§ Mr. David Mitchell
There is no evidence of any general decline in safety on the railways. On the contrary, the railways have been getting progressively safer during the past decade. The number of significant passenger train accidents so far this year is no greater than in recent years. What marks 1984 as different is the bunching of accidents recently in a relatively short space of time, and the deeply-regretted number of passenger fatalities, which had been relatively high by railway standards, but for which one accident—at Polmont—is largely responsible.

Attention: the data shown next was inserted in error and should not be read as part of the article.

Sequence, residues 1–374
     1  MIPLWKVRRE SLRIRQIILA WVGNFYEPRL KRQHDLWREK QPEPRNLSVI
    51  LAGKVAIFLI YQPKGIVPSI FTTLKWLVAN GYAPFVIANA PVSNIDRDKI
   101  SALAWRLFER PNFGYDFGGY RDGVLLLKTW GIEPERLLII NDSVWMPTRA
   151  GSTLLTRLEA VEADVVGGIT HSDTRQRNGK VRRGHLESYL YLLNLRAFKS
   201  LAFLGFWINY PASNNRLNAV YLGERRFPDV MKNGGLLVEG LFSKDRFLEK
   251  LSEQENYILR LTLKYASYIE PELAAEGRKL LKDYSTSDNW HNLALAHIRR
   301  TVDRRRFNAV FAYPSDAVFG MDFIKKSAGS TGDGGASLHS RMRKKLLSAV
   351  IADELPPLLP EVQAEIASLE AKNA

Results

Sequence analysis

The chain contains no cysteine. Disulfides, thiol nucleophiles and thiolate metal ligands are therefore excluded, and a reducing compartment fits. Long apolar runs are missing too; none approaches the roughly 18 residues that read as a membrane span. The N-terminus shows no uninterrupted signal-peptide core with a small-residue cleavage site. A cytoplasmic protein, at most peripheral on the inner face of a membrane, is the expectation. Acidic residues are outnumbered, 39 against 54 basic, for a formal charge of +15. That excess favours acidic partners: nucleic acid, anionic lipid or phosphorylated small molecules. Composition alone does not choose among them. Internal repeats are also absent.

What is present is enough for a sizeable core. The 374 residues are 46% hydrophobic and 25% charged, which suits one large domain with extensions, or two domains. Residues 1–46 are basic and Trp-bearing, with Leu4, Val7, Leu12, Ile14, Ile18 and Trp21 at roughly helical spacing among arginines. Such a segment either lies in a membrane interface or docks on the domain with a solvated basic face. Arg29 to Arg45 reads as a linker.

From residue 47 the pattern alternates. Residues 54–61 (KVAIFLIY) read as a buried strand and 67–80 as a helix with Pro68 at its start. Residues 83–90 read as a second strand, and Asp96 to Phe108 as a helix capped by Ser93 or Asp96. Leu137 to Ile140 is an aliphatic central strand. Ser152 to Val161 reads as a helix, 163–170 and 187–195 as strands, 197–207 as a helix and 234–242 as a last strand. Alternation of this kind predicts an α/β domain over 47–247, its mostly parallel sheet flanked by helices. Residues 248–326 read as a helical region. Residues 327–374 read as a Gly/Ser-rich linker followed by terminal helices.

All the recent accidents are being investigated, the more serious by formal inquiry, and there will be published reports on them. If the investigations indicate that staff levels, rostering, or the finance available to the Railways were significant factors, the chief inspecting officer will say so in his annual report on railway safety for 1984 which, in accordance with normal practice, will review the overall safety position. A separate inquiry into railway safety would merely duplicate the work of the independent railway inspectorate.